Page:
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Andrew Dumont found out the hard way of what it meant to be a young entrepreneur who burned out. Here are his tips to prevent burnout

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At 25, by necessity, Andrew Dumont has become a bit of an expert at burnout.

After all, he first slid headlong into burnout at 18, working flat out to launch the start-up Tatango.com, helping to take the company from two people to 20. And he has a blog with the title Always On, which captures his style and that of his readers.

Only he isn’t quite always on. Having been hammered by burnout once, he’s more careful these days, and constantly tweaking his approach to work in order to avoid a repeat incident.

It isn’t exactly work-life balance, but it’s work with a semblance of more balance, and he shared his ideas in a post for readers and a Globe and Mail interview. (http://andrewdumont.me/avoiding-burnout)

Otmar Winterleitner/Getty Images/iStockphoto

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At 18, he was young, energetic, and life was fun. He had dropped out of college for his business opportunity, and was working 80 to 100 hours a week, drinking five Red Bulls a day with endless coffee chasers.

Then he started to notice what he now realizes were telltale signs of burnout. He would wake up some days and not want to work – indeed, incapable of movement.

Other days he was spinning his wheels, at work but not getting much done, finding it harder and harder to tackle his duties.

“Then one day it hit me. I shut off completely,” he recalls. He went home, closed the blinds, and lay there. He had to unplug from work for months before he was able to get back into the fray.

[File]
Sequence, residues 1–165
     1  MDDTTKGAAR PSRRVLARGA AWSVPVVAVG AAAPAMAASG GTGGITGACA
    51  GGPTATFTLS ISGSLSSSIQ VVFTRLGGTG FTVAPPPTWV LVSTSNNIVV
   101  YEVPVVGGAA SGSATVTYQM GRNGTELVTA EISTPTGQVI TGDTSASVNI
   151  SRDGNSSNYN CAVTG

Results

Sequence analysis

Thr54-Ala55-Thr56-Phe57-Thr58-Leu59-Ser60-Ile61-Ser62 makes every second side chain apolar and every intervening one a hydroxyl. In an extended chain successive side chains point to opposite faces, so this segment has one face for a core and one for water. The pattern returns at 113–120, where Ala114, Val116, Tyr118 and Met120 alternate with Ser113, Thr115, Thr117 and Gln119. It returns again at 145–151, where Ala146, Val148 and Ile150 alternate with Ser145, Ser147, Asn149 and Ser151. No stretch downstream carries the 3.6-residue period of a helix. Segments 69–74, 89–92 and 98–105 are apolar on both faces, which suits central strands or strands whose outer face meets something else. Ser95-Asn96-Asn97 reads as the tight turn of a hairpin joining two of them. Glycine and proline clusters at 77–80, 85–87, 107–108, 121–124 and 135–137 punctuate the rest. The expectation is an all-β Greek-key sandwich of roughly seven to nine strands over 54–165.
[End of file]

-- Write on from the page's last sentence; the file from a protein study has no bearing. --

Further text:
“When you’re young, you don’t listen to your body. It crept up on me,” he says.

The most important step in guarding against burnout, he advises, is to recognize it can happen to you if you are pushing hard. Beyond that, he recommends these 10 ways to avoid burnout:

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Regular workouts:

He starts his day with a run or lifting weights. He argues it doesn’t have to be a long workout and the mode doesn’t matter, but he finds doing something active each morning clears his mind and provides a fresh dose of endorphins that puts him in the right physical state for the rest of the day.

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Evening walk:

This has been a critical element, since he noticed when he got home most days he couldn’t turn off and out of habit would head for his computer.

“I didn’t have closure to my day, so I simply extended it. To help with this, I started going for walks each evening before heading home after work. Not long, just enough to digest the day and clear my mind,” he writes.

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Reading fiction:

He had not been a fan of fiction and when he read books they were usually business related.

But now he seeks a break, with fantasy, science fiction (The Age of Miracles by Karen Walker was a recent favourite), and other books that transport him away, like Running the Rift by Naomi Benaron, set in Rwanda.